Table 7.1 Material cost

700

LABOR CHARGE Sl. No


1 2 3 4 Gas cutting Welding Drilling Other operations

LABOR CHARGE

COST
100 200 25 50

TOTAL
Table 7.2 Labor charge

375

OTHER COST Sl. No


1 2 Transportation charges Paintings 50 30

OTHER COST

COST

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TOTAL 80

Table 7.3 Other cost

TOTAL COST Sl. No


1 2 3 Material costs Labor charges Other costs

TOTAL COST

COST
700 375 80

TOTAL
Table 7.4 Total cost

1155

7. RESULT AND DISCUSSION


Reservoir has been fabricated successfully as designed and also assembled the components such as temperature sensor, amplifier, comparator, and relay in the PCB board to full fill the requirements of complete operation of the automatic cooling unit.

7.1 OPERATION
a) The temperature sensor or thermistor is placed near to the tool or work piece.

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b) The thermistor senses the temperature from the tool or work piece and sends an electrical signal to the amplifier. c) The electrical signal is amplified by using amplifier, then this signal is send to the comparator then the comparator compares both input and reference signal. d) If the input signal is greater than the reference signal then the relay gets activated automatically to control the temperature to a certain level e) The drive pumps the lubricant or coolant from the reservoir to the tool- work piece interface. f) Similarly when the temperature decreases below the reference value the control unit deactivates the pump by using the relay. g) The process will continue according to the increase and decrease of the temperature.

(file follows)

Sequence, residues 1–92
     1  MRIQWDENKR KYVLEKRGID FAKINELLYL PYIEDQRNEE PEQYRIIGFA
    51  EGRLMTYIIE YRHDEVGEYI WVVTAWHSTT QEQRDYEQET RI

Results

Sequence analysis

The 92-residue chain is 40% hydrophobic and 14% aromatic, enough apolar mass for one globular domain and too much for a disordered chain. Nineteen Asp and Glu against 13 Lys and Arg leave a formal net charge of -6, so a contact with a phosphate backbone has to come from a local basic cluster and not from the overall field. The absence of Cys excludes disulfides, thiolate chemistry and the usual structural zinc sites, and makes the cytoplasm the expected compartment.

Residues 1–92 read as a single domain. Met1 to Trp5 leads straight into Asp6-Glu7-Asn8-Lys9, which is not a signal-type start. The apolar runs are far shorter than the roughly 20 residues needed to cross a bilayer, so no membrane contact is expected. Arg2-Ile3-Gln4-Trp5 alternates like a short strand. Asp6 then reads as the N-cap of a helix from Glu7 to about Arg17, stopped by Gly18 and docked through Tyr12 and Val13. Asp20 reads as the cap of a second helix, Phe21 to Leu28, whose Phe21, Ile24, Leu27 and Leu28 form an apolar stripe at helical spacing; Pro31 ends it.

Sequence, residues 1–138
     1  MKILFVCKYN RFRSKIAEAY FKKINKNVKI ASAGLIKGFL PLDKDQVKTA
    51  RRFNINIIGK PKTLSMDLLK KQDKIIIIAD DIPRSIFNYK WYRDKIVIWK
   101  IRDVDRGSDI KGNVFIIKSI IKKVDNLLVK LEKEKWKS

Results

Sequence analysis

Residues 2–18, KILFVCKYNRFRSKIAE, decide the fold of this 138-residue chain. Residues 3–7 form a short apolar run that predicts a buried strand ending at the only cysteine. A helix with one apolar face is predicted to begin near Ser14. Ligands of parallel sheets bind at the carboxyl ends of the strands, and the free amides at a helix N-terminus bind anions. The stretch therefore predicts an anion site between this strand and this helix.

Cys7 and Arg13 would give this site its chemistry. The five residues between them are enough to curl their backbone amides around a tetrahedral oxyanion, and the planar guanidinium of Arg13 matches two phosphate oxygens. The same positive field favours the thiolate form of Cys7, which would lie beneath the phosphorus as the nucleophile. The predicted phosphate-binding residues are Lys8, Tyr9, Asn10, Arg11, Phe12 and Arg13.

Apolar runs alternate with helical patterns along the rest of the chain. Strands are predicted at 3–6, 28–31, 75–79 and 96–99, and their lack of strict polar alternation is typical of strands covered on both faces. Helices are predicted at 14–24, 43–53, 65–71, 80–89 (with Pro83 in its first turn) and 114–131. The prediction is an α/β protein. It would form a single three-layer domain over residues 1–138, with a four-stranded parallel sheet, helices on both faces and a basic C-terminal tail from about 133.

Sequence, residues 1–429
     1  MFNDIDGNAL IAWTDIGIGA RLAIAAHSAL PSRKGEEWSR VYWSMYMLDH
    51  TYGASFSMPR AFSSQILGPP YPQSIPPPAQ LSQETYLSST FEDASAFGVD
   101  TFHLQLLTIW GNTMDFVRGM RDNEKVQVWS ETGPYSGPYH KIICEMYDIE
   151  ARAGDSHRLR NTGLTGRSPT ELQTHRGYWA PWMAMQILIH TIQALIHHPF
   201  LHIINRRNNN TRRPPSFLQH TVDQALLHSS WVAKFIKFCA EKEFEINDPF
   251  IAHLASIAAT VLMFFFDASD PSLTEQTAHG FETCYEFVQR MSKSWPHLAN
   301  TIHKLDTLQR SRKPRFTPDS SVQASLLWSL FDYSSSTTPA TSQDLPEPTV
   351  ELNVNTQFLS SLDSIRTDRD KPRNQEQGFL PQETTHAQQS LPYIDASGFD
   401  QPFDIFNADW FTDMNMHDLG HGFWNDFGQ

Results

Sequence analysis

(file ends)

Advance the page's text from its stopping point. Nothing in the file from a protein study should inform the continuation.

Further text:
7.2 BENEFITS OF THE AUTOMATIC COOLING UNIT


Automatic cooling unit have many advantages over traditional methods of manual cooling process:
a) The process is an automatic with the increase in temperature.

b) Cooling occurs while the machinery is in operation. c) Proper cooling ensures safe operation of the machinery. d) Extended tool life, fewer breakdowns, reduced downtime, reduced replacement costs, reduced maintenance costs and good surface finish. e) Measured cooling means no wasted coolant. f) Lower power consumption.

8. CONCLUSION
The automatic cooling unit has been successfully introduced instead of manual cooling process by design and fabricating the components of the unit. As temperature in the tool- work piece interface comes above the reference temperature, the unit successfully activated and reduced the temperature. Similarly, as the temperature comes below the reference temperature, the unit gets deactivated successfully.

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9. APPENDICES

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PHOTOGRAPHY

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Figure 9.1 Washer pump

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Figure 9.2 Circuit

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Figure 9.3 Reservoir

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Figure 9.4 Automatic cooling unit

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10. REFERENCES
Books
1. Manufacturing Technology II, G.K. Vijayaraghavan, A.R.S. Publications, fifth edition, nov 2009 2. Electronics and Microprocessors, V. Thiyagarajan, A.R. Publications, fourth edition, dec 2008 3. Automobile Engineering, G.K. Vijayaraghavan, A.R.S. Publications, fifth edition, nov 2010

Websites
1. Automatic cooling system, www.koolmist.com/automatic_cooling_unit 2. BTS Room Automatic cooling unit FCU, www.damcon.com.pk/proinfo.php 3. Automatic air cooling unit, www.prodeco/srl.com/eng/accessori.html 4. Wikipedia , www.wikipedia.com/automaticlubrication